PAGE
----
Cloud storage service Mozy on Wednesday announced public beta availability of Mozy Stash, a new feature that provides customers with a method of accessing files across multiple computers and mobile devices.
Stash combines MozyHome's online backup service with the ability to synchronize files across devices in near real time. Data can be viewed from any computer, regardless of the operating system, as well as mobile devices including iPhones, iPads and Android devices.
"All your data is in the cloud, so that you can access it anywhere," said Gytis Barzdukas, director of product management at Mozy, which is now part of EMC-owned VMware.
Demonstrating Stash during a visit to Computerworld earlier this month, Barzdukas used an iPhone to take a photo that was then automatically backed up to the MozyHome cloud service and was accessible within seconds on an iPad tablet.
"Stash uses a simple single-folder model which complements your online backup, so that all your data is available where and when you need it, even if you choose not to synchronize it," said Russ Stockdale, Mozy's general manager, in a statement. "Stash makes it easy to move from your computer at the office to your computer at home, without having to email files to yourself or mess around with USB drives."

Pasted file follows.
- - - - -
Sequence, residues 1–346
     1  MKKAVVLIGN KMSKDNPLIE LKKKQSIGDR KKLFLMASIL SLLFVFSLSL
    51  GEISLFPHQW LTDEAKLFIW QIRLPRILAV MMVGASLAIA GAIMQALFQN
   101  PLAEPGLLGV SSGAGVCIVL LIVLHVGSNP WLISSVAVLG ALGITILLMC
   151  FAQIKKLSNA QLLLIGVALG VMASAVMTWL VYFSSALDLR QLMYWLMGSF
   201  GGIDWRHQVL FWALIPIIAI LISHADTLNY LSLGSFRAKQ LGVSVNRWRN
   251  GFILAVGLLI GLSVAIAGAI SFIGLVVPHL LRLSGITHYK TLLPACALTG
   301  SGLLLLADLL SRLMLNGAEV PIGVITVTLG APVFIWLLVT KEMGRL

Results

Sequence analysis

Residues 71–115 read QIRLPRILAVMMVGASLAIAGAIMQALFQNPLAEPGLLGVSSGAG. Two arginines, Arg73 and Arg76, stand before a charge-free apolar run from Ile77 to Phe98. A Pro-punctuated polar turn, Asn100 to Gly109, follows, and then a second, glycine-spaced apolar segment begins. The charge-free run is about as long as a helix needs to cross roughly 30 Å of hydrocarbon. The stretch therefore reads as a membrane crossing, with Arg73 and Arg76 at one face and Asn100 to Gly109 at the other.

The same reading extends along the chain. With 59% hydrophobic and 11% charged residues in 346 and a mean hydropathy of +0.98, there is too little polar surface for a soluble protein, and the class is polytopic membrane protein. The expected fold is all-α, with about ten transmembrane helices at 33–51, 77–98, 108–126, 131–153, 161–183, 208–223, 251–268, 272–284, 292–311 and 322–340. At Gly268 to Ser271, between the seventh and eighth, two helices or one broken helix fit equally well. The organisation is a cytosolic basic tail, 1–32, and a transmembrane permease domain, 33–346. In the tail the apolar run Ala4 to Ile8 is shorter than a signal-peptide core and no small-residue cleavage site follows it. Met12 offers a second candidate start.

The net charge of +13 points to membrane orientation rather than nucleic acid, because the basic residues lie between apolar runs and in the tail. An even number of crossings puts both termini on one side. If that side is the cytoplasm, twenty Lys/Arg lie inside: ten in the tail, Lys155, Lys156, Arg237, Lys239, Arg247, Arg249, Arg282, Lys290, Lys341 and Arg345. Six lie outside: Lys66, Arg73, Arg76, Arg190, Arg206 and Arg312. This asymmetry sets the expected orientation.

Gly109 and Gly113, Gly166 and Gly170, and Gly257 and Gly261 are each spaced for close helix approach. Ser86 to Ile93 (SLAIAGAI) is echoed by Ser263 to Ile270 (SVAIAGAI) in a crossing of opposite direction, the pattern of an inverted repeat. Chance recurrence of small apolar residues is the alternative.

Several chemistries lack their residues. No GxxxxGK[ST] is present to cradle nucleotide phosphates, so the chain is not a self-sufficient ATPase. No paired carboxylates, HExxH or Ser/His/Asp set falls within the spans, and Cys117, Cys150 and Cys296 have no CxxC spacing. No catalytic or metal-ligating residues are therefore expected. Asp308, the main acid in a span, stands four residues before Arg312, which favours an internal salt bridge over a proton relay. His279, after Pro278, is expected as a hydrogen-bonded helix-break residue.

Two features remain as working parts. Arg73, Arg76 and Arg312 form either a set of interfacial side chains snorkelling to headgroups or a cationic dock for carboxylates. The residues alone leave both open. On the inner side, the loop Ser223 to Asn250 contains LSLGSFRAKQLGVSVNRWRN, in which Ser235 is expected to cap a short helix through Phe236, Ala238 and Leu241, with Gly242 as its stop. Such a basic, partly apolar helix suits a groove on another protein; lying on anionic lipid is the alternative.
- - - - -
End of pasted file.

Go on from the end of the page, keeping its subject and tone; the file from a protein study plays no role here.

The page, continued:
Stash draws storage from the user's MozyHome plan. For example, with a 50GB plan and where 30GB is already used for online backup, the remaining 20GB is available for Stash. Similarly, for MozyHome Free subscribers, Stash draws from the user's 2GB of storage.
The Stash feature doesn't allow file-sharing between different users, but that option is expected to be added later this year, Barzdukas said.
While Mozy apps, also a file sync service, already allows Android and iOS devices to access data protected with MozyHome via iOS and Android devices, Stash goes a step further.
Unlike with online backup, files put in Stash are updated automatically so that users have their latest work ready to go on each computer that is linked to Stash.
MozyHome paid subscribers who sign up for Stash before April 15 can count on having Stash as part of their ongoing subscription at no extra cost.
Later this year, Mozy plans to release Stash for MozyPro, which is aimed at storing business-class data in the cloud. Stash can run on the same computer as MozyPro online backup, with Stash using a separate MozyHome account.
Through its MozyPro service, Stash will allow IT administrators to set policies that define what can be viewed across employee mobile devices. Data stored in Mozy's Stash is encrypted using the 448-bit Blowfish algorithm.
Mozy offers users the option to either choose an automated encryption key service, with the information shared between the user and Mozy, or create their own keys that cannot be accessed by a third party.
Files on Mozy's cloud storage service can be viewed using a file system (list) view or a Web-access (iconic) view.
"We're decoupling devices from the data ... and tying it more to the individual than the technology," Barzdukas said.
Lucas Mearian covers storage, disaster recovery and business continuity, financial services infrastructure and healthcare IT for Computerworld. Follow Lucas on Twitter at @lucasmearian or subscribe to Lucas's RSS feed . His e-mail address is firstname.lastname@example.org.